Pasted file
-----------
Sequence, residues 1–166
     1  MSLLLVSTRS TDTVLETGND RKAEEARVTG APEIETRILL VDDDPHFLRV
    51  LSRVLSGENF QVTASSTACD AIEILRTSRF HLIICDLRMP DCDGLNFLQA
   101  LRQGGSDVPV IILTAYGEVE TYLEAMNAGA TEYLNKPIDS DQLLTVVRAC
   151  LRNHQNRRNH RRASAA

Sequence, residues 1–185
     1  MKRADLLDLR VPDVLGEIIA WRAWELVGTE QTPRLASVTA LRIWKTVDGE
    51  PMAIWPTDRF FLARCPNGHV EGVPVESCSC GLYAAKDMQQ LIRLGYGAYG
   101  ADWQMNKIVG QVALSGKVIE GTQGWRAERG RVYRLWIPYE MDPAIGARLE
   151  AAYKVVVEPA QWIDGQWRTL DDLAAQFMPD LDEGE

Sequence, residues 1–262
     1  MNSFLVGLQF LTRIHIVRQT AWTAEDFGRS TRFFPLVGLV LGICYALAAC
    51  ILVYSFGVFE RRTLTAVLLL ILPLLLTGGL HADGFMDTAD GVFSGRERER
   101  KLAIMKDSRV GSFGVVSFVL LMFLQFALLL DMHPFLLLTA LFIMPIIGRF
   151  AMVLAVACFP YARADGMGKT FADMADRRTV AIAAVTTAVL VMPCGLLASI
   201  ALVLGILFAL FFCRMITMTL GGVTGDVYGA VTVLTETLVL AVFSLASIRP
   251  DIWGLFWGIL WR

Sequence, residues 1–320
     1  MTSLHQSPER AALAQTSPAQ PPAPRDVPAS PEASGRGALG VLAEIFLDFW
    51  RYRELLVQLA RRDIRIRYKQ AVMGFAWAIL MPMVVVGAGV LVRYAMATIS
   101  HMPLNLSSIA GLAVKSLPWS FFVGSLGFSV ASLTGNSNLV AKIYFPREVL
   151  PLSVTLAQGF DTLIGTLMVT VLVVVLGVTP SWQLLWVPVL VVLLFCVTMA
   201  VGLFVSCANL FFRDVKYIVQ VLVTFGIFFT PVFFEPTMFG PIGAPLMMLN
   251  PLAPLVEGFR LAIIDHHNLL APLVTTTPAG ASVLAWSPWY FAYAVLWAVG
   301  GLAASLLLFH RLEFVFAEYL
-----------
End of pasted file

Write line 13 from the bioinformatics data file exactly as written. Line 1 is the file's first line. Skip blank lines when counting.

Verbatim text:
    51  ILVYSFGVFE RRTLTAVLLL ILPLLLTGGL HADGFMDTAD GVFSGRERER